Stigma in Science

Article excerpt

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In scientific terms, a hazard prediction is defined as a statement about the future that is probabilistic in nature and incorporates a time span within which the hazard is anticipated. This term has come into the spotlight with the recent conviction of seven Italian scientists on charges of manslaughter.

The men, all members of Italy's Major Risks Committee, were alleged to have made falsely reassuring statements concerning the likelihood of a major earthquake occurring in L'Aquila, Italy in April 2009. Yet it was the communication of this likelihood to the public that transformed the scientists' evaluation that "a major earthquake in the area is unlikely but cannot be ruled out" into the message, "no danger." This case highlights the limitations of hazard prediction and raises the important matter of how the scientific uncertainty inherent in hazard forecasting can be best conveyed to the public.

A study of earthquake scientists (which predated the L'Aquila verdict) from University College of London's EPICentre found that they regard prediction as a highly stigmatized pursuit. The seismologists portrayed earthquake prediction as "bad science" because it is considered to be impossible. For most, prediction is unfeasible because of the chaotic nature of the geological system itself, but others believe the impossibility is due to the limits of current knowledge. Semantics aside, the scientists were clear: devoting the lion's share of seismology funding to studying earthquake prediction is fruitless, primarily because it detracts resources from their favored objective of improving society's resilience to earthquakes.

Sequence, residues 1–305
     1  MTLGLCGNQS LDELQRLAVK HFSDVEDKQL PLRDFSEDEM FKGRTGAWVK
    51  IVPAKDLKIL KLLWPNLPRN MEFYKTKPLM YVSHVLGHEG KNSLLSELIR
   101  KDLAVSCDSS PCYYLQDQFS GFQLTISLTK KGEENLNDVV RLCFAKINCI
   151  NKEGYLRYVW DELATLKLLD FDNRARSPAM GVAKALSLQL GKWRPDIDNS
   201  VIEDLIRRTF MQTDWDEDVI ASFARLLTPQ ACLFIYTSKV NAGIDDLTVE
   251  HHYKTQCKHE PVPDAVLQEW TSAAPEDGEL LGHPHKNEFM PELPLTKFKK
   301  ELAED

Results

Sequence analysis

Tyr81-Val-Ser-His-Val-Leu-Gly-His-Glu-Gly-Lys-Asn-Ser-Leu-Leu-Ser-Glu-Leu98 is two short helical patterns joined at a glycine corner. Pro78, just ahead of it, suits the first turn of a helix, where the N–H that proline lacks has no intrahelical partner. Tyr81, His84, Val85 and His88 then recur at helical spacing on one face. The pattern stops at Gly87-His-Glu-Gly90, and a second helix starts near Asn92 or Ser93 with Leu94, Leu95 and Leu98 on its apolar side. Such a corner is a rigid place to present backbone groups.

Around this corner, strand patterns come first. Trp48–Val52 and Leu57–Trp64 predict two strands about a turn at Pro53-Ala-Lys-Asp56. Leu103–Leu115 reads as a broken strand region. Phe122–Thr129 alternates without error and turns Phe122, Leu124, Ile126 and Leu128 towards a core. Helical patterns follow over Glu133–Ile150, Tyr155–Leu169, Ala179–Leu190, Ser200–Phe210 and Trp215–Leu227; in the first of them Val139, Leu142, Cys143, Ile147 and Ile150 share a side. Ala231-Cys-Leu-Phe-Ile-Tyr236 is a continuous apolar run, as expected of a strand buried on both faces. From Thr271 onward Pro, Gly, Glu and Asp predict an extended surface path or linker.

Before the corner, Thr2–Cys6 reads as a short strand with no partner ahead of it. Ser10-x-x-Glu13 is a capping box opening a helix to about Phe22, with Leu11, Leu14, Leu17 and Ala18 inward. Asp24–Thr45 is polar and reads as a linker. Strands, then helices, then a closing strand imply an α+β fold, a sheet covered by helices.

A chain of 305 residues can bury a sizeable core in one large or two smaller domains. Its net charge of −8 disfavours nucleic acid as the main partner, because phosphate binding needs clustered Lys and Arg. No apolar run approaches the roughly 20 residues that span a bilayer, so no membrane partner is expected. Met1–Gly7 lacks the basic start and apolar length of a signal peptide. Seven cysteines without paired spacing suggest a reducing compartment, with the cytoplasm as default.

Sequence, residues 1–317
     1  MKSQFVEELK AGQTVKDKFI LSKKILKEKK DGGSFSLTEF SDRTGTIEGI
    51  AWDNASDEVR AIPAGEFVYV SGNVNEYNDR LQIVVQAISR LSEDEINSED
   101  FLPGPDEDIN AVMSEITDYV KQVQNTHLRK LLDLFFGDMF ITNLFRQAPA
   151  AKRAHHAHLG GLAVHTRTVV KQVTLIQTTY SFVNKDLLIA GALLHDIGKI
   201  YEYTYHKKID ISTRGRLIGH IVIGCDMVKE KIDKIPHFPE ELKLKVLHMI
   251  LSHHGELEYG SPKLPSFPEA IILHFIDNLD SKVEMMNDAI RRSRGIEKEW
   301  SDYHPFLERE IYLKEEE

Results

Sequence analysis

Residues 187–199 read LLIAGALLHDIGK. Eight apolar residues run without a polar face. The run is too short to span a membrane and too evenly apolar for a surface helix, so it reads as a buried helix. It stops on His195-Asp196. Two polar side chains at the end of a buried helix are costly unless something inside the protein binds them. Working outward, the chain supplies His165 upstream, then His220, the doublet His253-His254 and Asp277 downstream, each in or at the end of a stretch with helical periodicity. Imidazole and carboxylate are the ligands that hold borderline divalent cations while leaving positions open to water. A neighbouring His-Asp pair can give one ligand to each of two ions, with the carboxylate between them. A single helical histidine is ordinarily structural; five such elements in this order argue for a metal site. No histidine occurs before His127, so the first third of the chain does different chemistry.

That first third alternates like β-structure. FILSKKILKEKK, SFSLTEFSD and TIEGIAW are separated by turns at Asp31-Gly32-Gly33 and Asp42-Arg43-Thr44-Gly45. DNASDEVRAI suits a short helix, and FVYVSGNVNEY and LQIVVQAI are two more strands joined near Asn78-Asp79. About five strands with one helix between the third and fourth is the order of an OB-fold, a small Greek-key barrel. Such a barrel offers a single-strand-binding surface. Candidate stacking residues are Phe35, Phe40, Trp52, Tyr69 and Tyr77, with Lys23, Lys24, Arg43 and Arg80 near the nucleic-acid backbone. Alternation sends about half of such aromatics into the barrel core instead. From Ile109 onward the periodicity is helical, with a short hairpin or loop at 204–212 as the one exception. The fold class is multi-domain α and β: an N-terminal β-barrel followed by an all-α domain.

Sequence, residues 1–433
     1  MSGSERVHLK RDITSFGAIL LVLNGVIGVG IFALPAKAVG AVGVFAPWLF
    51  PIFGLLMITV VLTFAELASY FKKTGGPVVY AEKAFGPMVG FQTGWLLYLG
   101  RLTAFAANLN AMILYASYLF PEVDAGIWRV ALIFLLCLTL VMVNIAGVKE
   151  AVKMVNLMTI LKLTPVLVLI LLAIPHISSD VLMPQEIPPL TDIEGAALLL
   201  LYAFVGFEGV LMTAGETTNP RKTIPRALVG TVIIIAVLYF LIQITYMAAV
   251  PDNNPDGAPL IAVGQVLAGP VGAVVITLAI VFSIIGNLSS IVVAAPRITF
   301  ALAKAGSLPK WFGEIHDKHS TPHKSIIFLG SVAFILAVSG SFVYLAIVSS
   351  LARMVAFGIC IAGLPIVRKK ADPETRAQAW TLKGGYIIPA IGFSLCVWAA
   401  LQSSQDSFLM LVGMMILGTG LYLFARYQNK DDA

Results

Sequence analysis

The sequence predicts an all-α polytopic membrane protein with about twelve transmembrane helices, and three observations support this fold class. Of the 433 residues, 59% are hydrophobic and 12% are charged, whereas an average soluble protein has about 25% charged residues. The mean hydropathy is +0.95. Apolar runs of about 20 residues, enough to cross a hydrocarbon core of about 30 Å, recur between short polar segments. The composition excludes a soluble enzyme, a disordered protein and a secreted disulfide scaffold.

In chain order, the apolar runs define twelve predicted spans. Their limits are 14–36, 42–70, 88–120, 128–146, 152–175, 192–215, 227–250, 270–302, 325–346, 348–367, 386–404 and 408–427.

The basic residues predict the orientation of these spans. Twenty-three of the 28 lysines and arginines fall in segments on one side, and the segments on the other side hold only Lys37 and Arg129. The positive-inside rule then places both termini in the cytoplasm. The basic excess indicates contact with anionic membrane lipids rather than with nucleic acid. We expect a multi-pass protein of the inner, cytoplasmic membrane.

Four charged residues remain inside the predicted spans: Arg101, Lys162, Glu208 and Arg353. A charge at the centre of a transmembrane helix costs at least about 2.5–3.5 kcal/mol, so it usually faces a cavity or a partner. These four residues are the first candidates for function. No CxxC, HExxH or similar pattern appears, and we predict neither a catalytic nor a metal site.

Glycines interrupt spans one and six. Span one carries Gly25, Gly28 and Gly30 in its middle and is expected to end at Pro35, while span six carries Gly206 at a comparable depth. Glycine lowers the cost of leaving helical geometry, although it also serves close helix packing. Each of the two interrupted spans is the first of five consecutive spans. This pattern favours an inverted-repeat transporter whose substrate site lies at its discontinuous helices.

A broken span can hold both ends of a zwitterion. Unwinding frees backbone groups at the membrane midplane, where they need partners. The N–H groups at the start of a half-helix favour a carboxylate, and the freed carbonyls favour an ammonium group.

"What I'd like to see in 100 years' time is a situation where we don't have to bother trying to predict earthquakes anymore because all the building stock is sorted," stated one scientist. Another noted that "the buildings will still fall down, even if there was a prediction, so I think it's more important to concentrate on risk mitigation."

These sentiments highlight how "prediction" is taken to mean an exact forecast of when, where and how extensive an earthquake will be. Seismologists eschew this type of prediction, preferring to focus efforts towards better engineering, strengthening building codes and increasing public awareness. Even though earthquake prediction was a key objective of early seismology, in the late 20th century it underwent a dramatic fall from grace due to the failure of sustained research to indicate any consistent precursors of seismic activity.

Paradoxically, it was an earthquake prediction of this nature that spurred the I2Aquila case. A laboratory technician who regarded radon levels as a precursor to seismic activity predicted that a major earthquake would occur in the 12Aquila area around the time that the 2009 earthquake struck. This, combined with the dozens of low-magnitude tremors in the region in the months prior, raised concern that a major quake might occur.

One week before the deadly disaster, the Major Risks Committee convened to analyze the evidence. The alleged "falsely reassuring statements" emerged from this meeting. They cast light on how scientific uncertainty regarding likelihood is communicated as it moves from the scientific world, via the mass media, into lay thinking.

The minutes of the committee meeting reveal that various scientists said that a major earthquake was unlikely but could not be ruled out. "Because L'Aquila is a high-risk zone," stated one committee member, "it is impossible to say with certainty that there will be no large earthquake. …

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